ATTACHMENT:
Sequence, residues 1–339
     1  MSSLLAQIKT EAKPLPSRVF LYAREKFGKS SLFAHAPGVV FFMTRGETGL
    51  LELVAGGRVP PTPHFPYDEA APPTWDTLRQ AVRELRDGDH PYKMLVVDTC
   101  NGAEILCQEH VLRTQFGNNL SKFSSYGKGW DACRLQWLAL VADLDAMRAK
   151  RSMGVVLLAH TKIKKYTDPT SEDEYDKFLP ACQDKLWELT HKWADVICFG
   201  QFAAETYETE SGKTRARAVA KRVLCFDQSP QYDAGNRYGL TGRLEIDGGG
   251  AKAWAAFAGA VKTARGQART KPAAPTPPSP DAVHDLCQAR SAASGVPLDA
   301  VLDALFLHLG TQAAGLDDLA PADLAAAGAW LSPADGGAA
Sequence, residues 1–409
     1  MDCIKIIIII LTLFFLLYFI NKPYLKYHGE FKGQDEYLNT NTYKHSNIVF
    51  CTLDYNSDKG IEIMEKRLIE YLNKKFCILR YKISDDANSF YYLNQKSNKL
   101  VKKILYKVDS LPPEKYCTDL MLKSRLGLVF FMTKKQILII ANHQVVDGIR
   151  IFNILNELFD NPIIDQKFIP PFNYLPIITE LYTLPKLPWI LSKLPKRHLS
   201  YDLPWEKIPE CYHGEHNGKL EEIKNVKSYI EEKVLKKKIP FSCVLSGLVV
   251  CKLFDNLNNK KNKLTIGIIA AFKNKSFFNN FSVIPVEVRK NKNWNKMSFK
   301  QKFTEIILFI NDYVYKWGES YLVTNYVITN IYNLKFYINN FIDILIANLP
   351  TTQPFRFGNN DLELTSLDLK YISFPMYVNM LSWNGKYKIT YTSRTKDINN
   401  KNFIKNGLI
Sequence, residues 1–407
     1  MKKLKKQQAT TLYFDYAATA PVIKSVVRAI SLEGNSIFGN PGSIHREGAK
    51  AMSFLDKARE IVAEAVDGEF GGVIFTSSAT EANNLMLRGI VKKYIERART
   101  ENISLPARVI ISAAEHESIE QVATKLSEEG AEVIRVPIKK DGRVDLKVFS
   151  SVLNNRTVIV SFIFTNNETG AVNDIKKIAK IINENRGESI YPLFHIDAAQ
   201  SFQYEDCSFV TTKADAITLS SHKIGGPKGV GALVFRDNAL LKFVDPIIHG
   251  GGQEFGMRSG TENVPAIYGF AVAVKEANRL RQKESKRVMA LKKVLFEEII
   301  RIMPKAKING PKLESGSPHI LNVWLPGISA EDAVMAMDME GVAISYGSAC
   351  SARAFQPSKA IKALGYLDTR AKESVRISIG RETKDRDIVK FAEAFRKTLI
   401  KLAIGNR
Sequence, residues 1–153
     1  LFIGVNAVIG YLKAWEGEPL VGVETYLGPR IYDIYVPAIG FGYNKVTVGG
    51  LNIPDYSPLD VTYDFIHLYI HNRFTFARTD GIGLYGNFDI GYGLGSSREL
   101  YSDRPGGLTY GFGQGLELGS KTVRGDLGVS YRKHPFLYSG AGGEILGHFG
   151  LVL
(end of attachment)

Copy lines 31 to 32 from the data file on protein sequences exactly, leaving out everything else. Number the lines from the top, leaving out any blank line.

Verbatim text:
    51  LNIPDYSPLD VTYDFIHLYI HNRFTFARTD GIGLYGNFDI GYGLGSSREL
   101  YSDRPGGLTY GFGQGLELGS KTVRGDLGVS YRKHPFLYSG AGGEILGHFG